Medizinische Universität Graz Austria/Österreich - Forschungsportal - Medical University of Graz

Logo MUG-Forschungsportal

Gewählte Publikation:

SHR Neuro Krebs Kardio Lipid Stoffw Microb

Kraus, T; Fischerauer, S; Treichler, S; Martinelli, E; Eichler, J; Myrissa, A; Zötsch, S; Uggowitzer, PJ; Löffler, JF; Weinberg, AM.
The influence of biodegradable magnesium implants on the growth plate.
Acta Biomater. 2018; 66:109-117 Doi: 10.1016/j.actbio.2017.11.031
Web of Science PubMed FullText FullText_MUG


Führende Autor*innen der Med Uni Graz
Kraus Tanja
Co-Autor*innen der Med Uni Graz
Eichler Johannes
Fischerauer Stefan Franz
Martinelli Elisabeth
Myrissa Anastasia
Weinberg Annelie-Martina
Zötsch Silvia Hildegard

Dimensions Citations:

Plum Analytics:

Scite (citation analytics):

Mg-based biodegradable materials are considered promising candidates in the paediatric field due to their favourable mechanical and biological properties and their biodegrading potential that makes a second surgery for implant removal unnecessary. In many cases the surgical fixation technique requires a crossing of the growth plate by the implant in order to achieve an adequate fragment replacement or fracture stabilisation. This study investigates the kinetics of slowly and rapidly degrading Mg alloys in a transphyseal rat model, and also reports on their dynamics in the context of the physis and consecutive bone growth. Twenty-six male Sprague-Dawley rats received either a rapidly degrading (ZX50; n = 13) or a slowly degrading (WZ21; n = 13) Mg alloy, implanted transphyseal into the distal femur. The contralateral leg was drilled in the same manner and served as a direct sham specimen. Degradation behaviour, gas formation, and leg length were measured by continuous in vivo micro CT for up to 52 weeks, and additional high-resolution µCT (HRS) scans and histomorphological analyses of the growth plate were performed. The growth plate was locally destroyed and bone growth was significantly diminished by the fast degradation of ZX50 implants and the accompanying release of large amounts of hydrogen gas. In contrast, WZ21 implants showed homogenous and moderate degradation performance, and the effect on bone growth did not differ significantly from a single drill-hole defect. This study is the first that reports on the effects of degrading magnesium implants on the growth plate in a living animal model. The results show that high evolution of hydrogen gas due to rapid Mg degradation can damage the growth plate substantially. Slow degradation, however, such as seen for WZ21 alloys, does not affect the growth plate more than drilling alone, thus meeting one important prerequisite for deployment in paediatric osteosynthesis. Copyright © 2017. Published by Elsevier Ltd.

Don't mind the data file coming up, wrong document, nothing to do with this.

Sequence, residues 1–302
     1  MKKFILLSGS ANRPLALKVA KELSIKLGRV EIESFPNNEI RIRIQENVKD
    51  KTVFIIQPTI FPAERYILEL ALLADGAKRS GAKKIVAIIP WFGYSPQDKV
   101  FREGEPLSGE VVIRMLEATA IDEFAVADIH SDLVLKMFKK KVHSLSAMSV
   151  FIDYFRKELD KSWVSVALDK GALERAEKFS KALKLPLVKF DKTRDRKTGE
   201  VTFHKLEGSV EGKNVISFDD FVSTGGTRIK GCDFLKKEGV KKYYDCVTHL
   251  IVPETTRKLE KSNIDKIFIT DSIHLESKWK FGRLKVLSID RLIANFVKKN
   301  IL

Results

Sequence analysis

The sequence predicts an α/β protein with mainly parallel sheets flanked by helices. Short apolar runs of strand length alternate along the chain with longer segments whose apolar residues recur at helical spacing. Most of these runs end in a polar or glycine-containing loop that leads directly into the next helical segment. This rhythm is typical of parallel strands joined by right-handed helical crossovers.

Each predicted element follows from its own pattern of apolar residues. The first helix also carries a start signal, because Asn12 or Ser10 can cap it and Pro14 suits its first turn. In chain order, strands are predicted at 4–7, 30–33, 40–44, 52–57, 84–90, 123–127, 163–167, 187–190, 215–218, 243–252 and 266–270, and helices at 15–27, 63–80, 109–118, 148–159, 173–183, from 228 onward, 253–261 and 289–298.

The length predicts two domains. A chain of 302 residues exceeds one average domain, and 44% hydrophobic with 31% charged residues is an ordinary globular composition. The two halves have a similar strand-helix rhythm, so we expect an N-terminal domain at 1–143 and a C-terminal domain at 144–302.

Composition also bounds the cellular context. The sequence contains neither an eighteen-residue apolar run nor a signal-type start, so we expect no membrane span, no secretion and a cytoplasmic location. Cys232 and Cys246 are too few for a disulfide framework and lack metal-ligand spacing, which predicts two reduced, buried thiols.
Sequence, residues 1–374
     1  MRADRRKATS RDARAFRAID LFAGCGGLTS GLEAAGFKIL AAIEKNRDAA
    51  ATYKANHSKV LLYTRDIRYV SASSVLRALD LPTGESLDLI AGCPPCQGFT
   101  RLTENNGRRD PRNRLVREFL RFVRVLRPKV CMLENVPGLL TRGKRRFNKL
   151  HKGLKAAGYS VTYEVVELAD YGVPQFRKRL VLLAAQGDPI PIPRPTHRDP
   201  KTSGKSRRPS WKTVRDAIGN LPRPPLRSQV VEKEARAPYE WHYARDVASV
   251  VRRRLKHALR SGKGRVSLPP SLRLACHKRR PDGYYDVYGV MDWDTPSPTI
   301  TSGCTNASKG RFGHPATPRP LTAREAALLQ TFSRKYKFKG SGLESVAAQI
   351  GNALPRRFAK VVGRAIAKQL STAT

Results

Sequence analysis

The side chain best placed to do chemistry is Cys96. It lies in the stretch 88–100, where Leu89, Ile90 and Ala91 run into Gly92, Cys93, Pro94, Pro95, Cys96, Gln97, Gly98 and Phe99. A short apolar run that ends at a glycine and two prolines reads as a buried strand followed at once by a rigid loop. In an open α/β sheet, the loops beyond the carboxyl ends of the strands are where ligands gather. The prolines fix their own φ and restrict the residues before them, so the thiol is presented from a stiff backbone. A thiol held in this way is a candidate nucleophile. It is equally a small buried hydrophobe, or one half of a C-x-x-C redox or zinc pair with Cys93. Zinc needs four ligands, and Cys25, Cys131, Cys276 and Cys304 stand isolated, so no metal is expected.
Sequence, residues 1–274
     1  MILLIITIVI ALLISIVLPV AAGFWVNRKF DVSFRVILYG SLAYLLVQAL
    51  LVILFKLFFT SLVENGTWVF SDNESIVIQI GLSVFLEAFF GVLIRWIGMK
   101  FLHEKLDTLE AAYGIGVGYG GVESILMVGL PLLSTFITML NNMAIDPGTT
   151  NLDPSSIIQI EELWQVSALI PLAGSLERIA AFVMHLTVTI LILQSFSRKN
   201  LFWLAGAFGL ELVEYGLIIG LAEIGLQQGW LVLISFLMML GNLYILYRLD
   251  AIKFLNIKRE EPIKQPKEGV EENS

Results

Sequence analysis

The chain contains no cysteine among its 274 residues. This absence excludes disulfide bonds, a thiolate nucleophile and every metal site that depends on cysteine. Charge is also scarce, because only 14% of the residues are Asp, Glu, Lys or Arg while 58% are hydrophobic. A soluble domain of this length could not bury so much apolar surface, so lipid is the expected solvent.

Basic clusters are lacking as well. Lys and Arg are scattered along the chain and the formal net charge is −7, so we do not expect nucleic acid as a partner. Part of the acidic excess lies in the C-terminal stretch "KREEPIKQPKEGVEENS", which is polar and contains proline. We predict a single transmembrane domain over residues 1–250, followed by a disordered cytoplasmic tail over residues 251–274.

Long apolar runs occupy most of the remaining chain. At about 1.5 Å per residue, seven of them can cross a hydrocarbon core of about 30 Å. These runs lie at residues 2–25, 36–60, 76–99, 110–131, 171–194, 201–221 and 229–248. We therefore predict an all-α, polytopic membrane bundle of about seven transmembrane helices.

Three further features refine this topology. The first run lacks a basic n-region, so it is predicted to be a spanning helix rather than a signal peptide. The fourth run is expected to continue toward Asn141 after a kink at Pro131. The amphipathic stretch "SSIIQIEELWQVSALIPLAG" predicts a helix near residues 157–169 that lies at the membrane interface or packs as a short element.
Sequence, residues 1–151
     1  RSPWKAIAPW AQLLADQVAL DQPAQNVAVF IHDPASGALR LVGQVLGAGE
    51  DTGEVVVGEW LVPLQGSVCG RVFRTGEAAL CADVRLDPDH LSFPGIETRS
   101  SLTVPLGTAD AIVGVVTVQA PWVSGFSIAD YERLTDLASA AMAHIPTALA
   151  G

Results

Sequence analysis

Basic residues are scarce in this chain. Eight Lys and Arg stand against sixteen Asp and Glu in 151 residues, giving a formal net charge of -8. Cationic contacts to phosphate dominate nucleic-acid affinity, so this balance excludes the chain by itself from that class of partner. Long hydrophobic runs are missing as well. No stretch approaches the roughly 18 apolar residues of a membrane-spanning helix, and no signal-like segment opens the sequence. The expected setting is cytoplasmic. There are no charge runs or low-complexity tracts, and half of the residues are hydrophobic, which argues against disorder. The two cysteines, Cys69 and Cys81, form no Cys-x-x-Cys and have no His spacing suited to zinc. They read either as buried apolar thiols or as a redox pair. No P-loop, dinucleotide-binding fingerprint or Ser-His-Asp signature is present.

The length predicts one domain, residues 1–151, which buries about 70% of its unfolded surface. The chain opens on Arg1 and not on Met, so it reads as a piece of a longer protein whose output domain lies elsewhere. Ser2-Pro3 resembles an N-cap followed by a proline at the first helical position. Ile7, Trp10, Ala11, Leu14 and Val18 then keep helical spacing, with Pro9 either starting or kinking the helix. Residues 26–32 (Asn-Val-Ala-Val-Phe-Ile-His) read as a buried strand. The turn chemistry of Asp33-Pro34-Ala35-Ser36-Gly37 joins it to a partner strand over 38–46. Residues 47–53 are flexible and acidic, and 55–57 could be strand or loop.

Find related publications in this database (using NLM MeSH Indexing)
Animals -
Biocompatible Materials - pharmacology
Bone Remodeling - drug effects
Femur - anatomy & histology
Femur - diagnostic imaging
Femur - drug effects
Growth Plate - anatomy & histology
Growth Plate - diagnostic imaging
Growth Plate - drug effects
Implants, Experimental -
Magnesium - pharmacology
Male -
Materials Testing -
Rats, Sprague-Dawley -
X-Ray Microtomography -

Find related publications in this database (Keywords)
Bone fixation
Growth plate
mu CT
In-vivo degradation
© Med Uni Graz Impressum